I noticed today that, after a major update to OS X along with a security update, the time on the system clock was an hour ahead. In fact, I didn’t pick it up until after I had glanced at the time on my cell phone. When I opened the preferences where different settings related to time and date can be set, I realised that the Network Time Protocol (NTP) had been enabled, which meant that the system was syncing time and date, along with the usual time zone information, from a remote network time server. In my case, that server was
time.asia.apple.com, one of three servers in the drop-down list of NTP servers in the preferences to choose from.
As with the other two,
time.asia.apple.com is an NTP server that is managed by Apple themselves. If you travel a lot, or if you are mindful of and in a place where daylight savings time is commonplace, being able to use an NTP server to not worry about having to change time and date is ideal. It is convenient. After all, time is important, and keeping track of time more so.
Now, I love NTP. It sure beats having to change time manually all the time. But, what if the NTP server you so dearly depend on suddenly starts spewing out incorrect time? Well, you’d eventually notice that, yes, but it would be annoying. The emails you send are suddenly ahead of time, the IM messages you receive as well, your calendar events, etc. If the difference in time due to the error is subtle, say, maybe off by an hour or so, you will likely take longer to spot it. Not that your house will burn down, or your business will plummet in a downward spiral into loss, but it sure will cause problems, even if little, annoying ones.
So, why am I here on a hot Saturday afternoon with no mains power, talking about all this? Because I found out today that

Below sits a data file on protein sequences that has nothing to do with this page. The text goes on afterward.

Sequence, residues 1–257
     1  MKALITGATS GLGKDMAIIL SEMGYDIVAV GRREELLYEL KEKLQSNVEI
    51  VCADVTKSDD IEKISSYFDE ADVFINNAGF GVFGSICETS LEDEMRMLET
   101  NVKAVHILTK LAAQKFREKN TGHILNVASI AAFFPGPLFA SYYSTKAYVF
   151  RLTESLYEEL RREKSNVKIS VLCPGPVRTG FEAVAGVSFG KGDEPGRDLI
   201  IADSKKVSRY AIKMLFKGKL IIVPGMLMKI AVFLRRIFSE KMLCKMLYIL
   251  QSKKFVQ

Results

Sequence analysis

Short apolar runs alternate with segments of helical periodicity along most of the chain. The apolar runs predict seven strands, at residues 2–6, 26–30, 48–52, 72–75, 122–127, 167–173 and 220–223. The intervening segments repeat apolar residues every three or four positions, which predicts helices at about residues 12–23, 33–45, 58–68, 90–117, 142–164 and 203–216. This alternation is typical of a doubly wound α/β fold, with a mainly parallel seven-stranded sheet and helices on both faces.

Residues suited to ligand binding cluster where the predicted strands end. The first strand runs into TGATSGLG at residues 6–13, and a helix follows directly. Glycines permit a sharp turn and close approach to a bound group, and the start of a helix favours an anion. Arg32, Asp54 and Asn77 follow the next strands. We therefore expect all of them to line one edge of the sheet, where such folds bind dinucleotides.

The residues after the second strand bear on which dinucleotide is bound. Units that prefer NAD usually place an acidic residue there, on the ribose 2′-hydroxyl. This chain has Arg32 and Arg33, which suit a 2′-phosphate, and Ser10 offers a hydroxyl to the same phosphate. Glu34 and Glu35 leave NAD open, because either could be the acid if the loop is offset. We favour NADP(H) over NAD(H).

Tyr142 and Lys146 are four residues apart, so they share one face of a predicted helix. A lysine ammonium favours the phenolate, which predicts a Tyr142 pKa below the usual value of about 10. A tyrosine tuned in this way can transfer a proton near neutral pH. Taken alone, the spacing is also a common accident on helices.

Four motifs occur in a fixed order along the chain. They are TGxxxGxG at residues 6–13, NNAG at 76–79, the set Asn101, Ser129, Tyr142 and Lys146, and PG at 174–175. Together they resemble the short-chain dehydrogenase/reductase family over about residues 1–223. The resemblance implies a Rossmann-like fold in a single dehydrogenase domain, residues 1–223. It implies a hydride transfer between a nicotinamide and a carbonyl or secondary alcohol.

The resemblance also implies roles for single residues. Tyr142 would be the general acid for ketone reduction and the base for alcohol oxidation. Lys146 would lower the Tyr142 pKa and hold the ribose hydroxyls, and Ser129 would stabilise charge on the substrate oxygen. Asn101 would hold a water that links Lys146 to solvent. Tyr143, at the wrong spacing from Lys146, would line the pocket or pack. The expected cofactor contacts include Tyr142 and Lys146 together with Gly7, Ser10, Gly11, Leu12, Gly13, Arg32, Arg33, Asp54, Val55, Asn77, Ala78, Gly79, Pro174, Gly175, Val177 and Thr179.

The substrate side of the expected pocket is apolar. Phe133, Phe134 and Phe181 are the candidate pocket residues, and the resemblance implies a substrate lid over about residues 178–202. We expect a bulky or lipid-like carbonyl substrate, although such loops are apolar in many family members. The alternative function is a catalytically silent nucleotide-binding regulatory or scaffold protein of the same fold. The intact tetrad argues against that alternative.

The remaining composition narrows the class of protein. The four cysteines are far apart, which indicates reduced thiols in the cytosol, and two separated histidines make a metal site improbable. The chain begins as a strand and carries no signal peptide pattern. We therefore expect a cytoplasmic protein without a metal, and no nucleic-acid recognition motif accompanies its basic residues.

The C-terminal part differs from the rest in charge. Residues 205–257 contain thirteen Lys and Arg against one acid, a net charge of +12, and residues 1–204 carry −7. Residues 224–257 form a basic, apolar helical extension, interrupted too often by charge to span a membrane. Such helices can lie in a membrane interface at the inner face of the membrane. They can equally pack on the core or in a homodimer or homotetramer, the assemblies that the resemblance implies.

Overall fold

time.asia.apple.com is giving out a time for Pakistan that is
+6 GMT, when it should correctly be
+5 GMT. Judging from the label “Pakistan Summer Time” that the NTP server is using to describe the time, I can understand where this skew in time is creeping in from. But it is wrong. And the time on my system is wrong. What’s worse is that the place in system preferences where date and time settings are, does not provide an option for me to use a custom NTP server of my own choosing. I am restricted to choosing from the drop-down of three NTP servers, only one of which applies to my time zone. Bugger!
Until I found
/etc/ntp.conf This small text file stores the address of an NTP server to use. Regardless of whether you have NTP time enabled in the preferences pane, you will have an existing entry in the file. If you change the address in there to point to something, say,
asia.pool.ntp.org, the system will use the new NTP server. In the preferences, the NTP server you added will automatically be selected for you, even though, if you pull the drop-down, you won’t notice it in the choices available.
The only problem is,
asia.pool.ntp.org also has Pakistan time pinned down at
+6 GMT. Square one!